That is why we must learn about virtue and the Church’s teachings, and that is why we must teach our children as well.  If we don’t teach our children right from wrong according to God’s law, trust me, someone else will show them their version of truth, goodness, right and wrong.  God’s law calls us to a higher morality and code of ethics and David’s response to Saul’s treachery is a case in point.  Saul is a tragic figure in the story of the Jewish people.  He was the last of the judges or chieftains during the tribal confederacy period, and he was also the first anointed King of Israel.  That would be a difficult transition for anyone to make. Saul was overwhelmed by black moods of periods of depression and even paranoia. Then along came David, who without trying, his charisma and his accomplishments, upstage Saul at every turn. These events pushed all the wrong buttons with Saul’s emotional, spiritual, and psychological well-being and the dark periods in his life were interspersed with confidence and self-assurance.  Throughout it all, he almost appears to be manic depressive. One day he is trying to kill David and the next we want to reconcile and make amends.  On more than one occasion Saul comes within a hair’s breadth of killing him, and that is the backdrop of today’s reading. Here in this reading, David refuses to kill the man who has been trying to kill him.  The only reason David does not kill Saul is that he understands that there is a higher law that according to that he cannot and must not harm God’s anointed.  Instead, David steals Saul’s spear and helmet to prove that he meant him no harm which made Saul feel guilty and remorseful, and the cycle would start all over again.  Is there anyone of us who has not been caught in a situation where we sought or even wanted to reconcile with another, but for whatever reason, it never worked out?  How do we break these cycles of reconciliation and conflict?  How do we find inner peace if we are unable to reconcile with another ultimately?  Even if we are not successful in reconciling with our neighbor or even our family sometimes, we can still pray for it, and in the end, God can reconcile in the life to come that which we can never do.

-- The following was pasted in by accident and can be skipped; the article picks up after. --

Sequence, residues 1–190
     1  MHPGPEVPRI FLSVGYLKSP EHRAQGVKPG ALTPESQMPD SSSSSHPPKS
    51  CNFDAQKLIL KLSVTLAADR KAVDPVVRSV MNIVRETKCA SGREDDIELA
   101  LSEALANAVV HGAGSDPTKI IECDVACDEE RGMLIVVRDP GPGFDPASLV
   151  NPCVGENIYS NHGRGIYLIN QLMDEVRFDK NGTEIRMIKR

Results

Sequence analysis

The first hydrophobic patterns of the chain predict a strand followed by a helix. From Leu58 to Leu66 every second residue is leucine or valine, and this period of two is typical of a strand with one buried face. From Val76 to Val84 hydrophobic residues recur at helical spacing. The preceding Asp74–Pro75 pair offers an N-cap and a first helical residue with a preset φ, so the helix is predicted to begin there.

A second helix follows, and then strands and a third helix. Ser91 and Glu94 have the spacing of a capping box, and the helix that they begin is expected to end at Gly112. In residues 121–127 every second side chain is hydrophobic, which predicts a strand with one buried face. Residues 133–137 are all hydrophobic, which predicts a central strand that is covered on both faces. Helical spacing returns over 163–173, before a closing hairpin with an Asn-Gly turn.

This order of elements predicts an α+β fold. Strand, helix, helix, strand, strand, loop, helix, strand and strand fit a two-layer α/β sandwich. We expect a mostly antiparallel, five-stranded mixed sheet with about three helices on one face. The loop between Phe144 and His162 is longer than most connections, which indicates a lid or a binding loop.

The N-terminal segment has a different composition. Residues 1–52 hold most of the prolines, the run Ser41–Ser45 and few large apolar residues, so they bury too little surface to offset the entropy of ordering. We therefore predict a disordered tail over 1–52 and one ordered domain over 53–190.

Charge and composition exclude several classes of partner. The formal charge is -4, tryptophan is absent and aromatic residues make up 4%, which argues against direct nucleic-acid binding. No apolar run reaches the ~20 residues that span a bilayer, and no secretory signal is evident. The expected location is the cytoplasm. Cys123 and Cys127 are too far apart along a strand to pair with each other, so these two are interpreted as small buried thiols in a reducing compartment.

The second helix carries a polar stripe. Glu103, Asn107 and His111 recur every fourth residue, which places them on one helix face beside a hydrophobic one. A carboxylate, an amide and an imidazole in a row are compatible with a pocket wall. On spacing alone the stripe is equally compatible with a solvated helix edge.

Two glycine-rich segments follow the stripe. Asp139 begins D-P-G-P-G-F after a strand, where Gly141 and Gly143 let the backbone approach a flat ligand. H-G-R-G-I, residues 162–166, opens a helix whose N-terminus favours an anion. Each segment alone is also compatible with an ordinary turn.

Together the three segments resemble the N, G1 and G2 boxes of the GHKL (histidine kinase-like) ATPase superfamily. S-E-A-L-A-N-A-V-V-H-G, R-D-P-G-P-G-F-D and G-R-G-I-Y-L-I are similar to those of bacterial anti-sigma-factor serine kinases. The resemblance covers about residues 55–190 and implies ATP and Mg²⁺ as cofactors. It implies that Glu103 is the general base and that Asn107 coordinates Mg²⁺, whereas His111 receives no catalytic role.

This emphasizes just how radically different God’s ways are to those of the world.  In this country we are going from “I disagree with you, I think you are wrong” to “You are wrong, and I will destroy you!”  God’s law is from everlasting, and it has taken centuries literally for humanity to take it in.  From the time of Saul and David to the time of Jesus’ earthly ministry would be 11 centuries before Jesus came into the world to teach us that it is not enough to love our neighbor and hate our enemies.  He taught us, and he showed us how we must love our enemies, do good to those who hate us and to bless those who persecute us.  That’s not easy because what I have learned is that turning the other cheek really hurts.  When I am attacked, I want to fight back.  When I am criticized, I want to justify myself, and when I am cheated of what is my due, I want justice.  Those are the ways of the world.  God’s law teaches us something different.

Jesus tells us in today’s gospel that evening the score means nothing, it gets us nothing, and if we let it, it will consume and destroy us.  If forgiving our enemies were easy everyone would be doing it.  The only way we can follow Jesus is by doing what he does, by being merciful, kind and forgiving, even when the other person doesn’t deserve it.  We are called to fulfill what will prove to be a life- long.  We must not judge, lest we are judged; we must not condemn, lest we be condemned. Forgive, and we will be forgiven; give, and it will be given to us, a good measure, pressed down, shaken together, running over into your lap; for the measure we give is the measure we will receive.